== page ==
Are you sure you want to buy this material for

50 Karma

Buy Material

BOOM! Enjoy Your Free Notes!

We've added these Notes to your profile, click here to view them now.


You're already Subscribed!

Looks like you've already subscribed to StudySoup, you won't need to purchase another subscription to get this material. To access this material simply click 'View Full Document'

Why people love StudySoup

Jim McGreen Ohio University

"Knowing I can count on the Elite Notetaker in my class allows me to focus on what the professor is saying instead of just scribbling notes the whole time and falling behind."

Allison Fischer University of Alabama

"I signed up to be an Elite Notetaker with 2 of my sorority sisters this semester. We just posted our notes weekly and were each making over $600 per month. I LOVE StudySoup!"

Steve Martinelli UC Los Angeles

"There's no way I would have passed my Organic Chemistry class this semester without the notes and study guides I got from StudySoup."


"Their 'Elite Notetakers' are making over $1,200/month in sales by creating high quality content that helps their classmates in a time of need."

Become an Elite Notetaker and start selling your notes online!

Refund Policy


All subscriptions to StudySoup are paid in full at the time of subscribing. To change your credit card information or to cancel your subscription, go to "Edit Settings". All credit card information will be available there. If you should decide to cancel your subscription, it will continue to be valid until the next payment period, as all payments for the current period were made in advance. For special circumstances, please email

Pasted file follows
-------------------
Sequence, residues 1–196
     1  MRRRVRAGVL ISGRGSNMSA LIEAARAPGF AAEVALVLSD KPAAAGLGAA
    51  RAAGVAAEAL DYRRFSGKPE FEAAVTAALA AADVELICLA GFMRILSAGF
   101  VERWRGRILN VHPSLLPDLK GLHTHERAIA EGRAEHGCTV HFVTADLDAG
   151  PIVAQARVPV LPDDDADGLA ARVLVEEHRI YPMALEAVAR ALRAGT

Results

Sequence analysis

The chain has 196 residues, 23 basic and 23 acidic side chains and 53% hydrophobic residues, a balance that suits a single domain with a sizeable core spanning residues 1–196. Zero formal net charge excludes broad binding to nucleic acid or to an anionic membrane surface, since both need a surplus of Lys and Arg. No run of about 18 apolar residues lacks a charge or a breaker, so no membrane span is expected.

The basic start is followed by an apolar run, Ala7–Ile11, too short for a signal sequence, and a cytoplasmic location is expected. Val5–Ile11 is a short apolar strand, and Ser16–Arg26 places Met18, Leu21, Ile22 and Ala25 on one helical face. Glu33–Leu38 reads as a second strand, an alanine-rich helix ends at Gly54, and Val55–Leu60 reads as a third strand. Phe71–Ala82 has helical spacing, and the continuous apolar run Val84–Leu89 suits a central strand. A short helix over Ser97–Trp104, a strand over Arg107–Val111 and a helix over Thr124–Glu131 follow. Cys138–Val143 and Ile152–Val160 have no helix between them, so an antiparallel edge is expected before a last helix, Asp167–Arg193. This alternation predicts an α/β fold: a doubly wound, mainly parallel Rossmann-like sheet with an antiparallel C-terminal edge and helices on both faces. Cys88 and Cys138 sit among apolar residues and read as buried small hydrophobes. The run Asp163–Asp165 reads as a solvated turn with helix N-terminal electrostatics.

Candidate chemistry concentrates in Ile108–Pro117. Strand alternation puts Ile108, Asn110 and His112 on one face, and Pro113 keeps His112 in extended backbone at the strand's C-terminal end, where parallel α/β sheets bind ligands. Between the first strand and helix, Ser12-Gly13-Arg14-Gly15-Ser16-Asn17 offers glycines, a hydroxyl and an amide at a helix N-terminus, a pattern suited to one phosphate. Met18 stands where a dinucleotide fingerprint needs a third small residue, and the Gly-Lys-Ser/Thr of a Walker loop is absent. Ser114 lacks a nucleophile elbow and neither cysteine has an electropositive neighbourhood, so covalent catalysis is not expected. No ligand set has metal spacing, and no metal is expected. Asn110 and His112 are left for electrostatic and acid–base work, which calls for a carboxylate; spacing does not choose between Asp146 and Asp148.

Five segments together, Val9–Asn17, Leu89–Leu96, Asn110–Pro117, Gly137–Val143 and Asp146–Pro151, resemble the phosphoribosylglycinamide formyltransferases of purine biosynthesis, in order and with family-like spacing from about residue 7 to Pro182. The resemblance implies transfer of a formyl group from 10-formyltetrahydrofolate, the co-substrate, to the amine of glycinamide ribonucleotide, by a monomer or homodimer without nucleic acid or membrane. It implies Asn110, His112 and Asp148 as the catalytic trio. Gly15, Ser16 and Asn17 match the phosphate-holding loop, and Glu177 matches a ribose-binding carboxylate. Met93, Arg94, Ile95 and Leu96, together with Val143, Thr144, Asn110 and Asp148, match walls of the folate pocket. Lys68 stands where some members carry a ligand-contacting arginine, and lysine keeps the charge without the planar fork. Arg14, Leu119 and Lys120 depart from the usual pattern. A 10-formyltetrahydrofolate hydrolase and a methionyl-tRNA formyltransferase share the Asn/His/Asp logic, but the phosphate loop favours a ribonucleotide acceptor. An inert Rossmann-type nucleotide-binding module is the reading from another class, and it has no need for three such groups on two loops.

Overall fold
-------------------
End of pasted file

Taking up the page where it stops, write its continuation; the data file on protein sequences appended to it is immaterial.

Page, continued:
StudySoup has more than 1 million course-specific study resources to help students study smarter. If you’re having trouble finding what you’re looking for, our customer support team can help you find what you need! Feel free to contact them here:

Recurring Subscriptions: If you have canceled your recurring subscription on the day of renewal and have not downloaded any documents, you may request a refund by submitting an email to

Satisfaction Guarantee: If you’re not satisfied with your subscription, you can contact us for further help. Contact must be made within 3 business days of your subscription purchase and your refund request will be subject for review.

Please Note: Refunds can never be provided more than 30 days after the initial purchase date regardless of your activity on the site.